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Title: Making sense of each other : lived experiences and told stories of child protection social workers and asylum-seeking families
Author: Dalikeni , Colletta
Awarding Body: Queen's University Belfast
Current Institution: Queen's University Belfast
Date of Award: 2013
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Although Ireland has become an increasingly multi-cultural society since the mid- 19905, changing from a country of emigration to one of immigration, as a result of this multiculturalism the Irish Government has embarked on several commendable initiatives. These changes have yet to be fully recognised within the Child Protection and Child Welfare system (CPCWS). The development of national guidelines in recent times has failed to provide adequate guidance for social workers on how to effectively respond to asylum-seeking families who are a relatively new service user group for community care teams. Much of current Irish research sheds limited light on how social workers ought to respond effectively to asylum seeking children (ASC) and their families within a child protection context, where families present with extremely complex needs resulting from forced migration. This study examines the experiences of (PWSW and asylum-seeking families (ASF) in the context of working together. The first of its kind in this field in the Republic of Ireland, the study design is primarily qualitative with an overall action research orientation. Research data was collected by use of a biographical narrative interviewing method (BN IM). The BNIM analysis method was used to analyse the first two interviews, this in-depth analysis formed the basis of the broader analysis using 'Framework Analysis.' The study highlights the need for appropriate and ongoing culturally competent training for social workers in this area. It is recommended that much reflective work is needed in community ca re teams to begin to shape future practice with ASF within the field of CPWSW. The findings from this study illustrate the complexity of social work practice in this area and provide the basis for future research. This recommendation is rooted in the enhanced model of cultural competence developed from the study's findings.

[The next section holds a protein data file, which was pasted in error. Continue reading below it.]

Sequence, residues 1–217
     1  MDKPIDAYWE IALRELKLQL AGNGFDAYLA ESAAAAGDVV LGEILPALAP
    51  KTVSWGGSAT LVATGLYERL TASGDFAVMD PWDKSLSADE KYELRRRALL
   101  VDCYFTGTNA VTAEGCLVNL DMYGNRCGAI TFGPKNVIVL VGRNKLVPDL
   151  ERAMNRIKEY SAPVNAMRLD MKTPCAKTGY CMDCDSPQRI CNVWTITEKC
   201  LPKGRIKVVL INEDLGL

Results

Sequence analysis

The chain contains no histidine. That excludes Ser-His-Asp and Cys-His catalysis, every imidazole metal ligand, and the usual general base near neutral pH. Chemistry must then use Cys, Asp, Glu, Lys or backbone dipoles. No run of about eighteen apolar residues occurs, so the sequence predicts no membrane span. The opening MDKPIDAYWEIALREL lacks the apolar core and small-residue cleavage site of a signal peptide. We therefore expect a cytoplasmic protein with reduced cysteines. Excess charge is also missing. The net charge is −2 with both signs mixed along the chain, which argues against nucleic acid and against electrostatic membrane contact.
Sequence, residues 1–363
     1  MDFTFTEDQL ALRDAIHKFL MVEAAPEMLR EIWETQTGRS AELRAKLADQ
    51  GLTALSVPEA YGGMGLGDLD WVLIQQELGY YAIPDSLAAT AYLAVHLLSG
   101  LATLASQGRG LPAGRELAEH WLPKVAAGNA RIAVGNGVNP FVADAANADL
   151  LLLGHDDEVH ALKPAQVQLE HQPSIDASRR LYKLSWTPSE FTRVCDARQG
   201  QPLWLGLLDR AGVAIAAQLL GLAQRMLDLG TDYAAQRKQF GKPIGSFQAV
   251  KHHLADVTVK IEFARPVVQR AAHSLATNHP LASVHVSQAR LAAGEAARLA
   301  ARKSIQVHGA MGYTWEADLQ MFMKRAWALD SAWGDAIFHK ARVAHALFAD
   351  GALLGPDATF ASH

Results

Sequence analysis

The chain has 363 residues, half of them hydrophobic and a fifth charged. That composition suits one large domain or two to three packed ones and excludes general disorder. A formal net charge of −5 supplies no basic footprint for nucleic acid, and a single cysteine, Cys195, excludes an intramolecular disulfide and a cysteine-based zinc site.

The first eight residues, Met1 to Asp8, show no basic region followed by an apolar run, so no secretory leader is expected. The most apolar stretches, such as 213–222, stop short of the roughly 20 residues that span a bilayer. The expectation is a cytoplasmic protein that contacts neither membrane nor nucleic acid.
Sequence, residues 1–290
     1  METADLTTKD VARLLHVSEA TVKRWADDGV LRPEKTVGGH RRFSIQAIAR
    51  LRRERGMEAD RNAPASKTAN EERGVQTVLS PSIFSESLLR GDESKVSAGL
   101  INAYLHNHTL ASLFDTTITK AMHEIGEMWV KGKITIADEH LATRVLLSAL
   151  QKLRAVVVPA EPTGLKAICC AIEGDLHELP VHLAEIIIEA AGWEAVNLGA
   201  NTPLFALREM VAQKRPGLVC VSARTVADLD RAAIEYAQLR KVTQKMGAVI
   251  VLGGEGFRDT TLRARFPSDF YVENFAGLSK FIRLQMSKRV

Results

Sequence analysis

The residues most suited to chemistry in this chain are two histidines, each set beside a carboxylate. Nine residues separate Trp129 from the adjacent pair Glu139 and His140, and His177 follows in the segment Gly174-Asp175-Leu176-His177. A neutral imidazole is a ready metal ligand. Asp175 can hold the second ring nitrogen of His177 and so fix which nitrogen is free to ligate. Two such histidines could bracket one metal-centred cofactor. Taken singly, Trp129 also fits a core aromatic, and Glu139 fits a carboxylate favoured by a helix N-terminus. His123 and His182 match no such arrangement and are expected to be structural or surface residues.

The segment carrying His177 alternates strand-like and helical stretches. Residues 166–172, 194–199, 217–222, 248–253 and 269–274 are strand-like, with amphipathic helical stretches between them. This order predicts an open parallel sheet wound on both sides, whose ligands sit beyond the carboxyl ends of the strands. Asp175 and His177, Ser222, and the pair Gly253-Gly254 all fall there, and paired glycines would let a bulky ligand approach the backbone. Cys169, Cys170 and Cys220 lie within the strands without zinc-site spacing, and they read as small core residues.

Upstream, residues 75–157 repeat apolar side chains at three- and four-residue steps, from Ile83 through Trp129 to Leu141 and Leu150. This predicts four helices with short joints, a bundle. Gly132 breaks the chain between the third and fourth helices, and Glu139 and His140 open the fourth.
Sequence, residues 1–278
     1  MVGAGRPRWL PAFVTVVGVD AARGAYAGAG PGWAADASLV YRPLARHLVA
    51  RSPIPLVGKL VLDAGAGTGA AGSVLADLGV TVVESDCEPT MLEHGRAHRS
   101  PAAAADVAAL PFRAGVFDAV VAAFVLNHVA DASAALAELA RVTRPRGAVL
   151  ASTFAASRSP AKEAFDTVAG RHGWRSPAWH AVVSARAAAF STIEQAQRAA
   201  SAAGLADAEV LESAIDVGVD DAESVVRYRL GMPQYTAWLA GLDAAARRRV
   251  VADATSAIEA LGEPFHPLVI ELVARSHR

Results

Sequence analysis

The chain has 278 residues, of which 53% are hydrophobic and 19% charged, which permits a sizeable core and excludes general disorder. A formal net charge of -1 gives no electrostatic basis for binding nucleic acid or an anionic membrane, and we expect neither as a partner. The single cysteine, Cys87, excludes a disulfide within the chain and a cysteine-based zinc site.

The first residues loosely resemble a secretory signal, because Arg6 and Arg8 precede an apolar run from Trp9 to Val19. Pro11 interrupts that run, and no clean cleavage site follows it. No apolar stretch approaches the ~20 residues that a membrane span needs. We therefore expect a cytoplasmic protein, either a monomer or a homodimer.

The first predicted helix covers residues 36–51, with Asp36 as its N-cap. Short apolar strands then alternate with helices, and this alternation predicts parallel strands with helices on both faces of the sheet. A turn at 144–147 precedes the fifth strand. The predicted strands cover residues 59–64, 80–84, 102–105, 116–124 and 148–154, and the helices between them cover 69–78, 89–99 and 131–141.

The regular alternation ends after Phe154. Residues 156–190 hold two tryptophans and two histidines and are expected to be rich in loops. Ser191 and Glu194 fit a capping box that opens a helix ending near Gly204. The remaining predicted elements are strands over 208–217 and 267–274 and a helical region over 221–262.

Supervisor: Not available Sponsor: Not available
Qualification Name: Thesis (Ph.D.) Qualification Level: Doctoral
EThOS ID:  DOI: Not available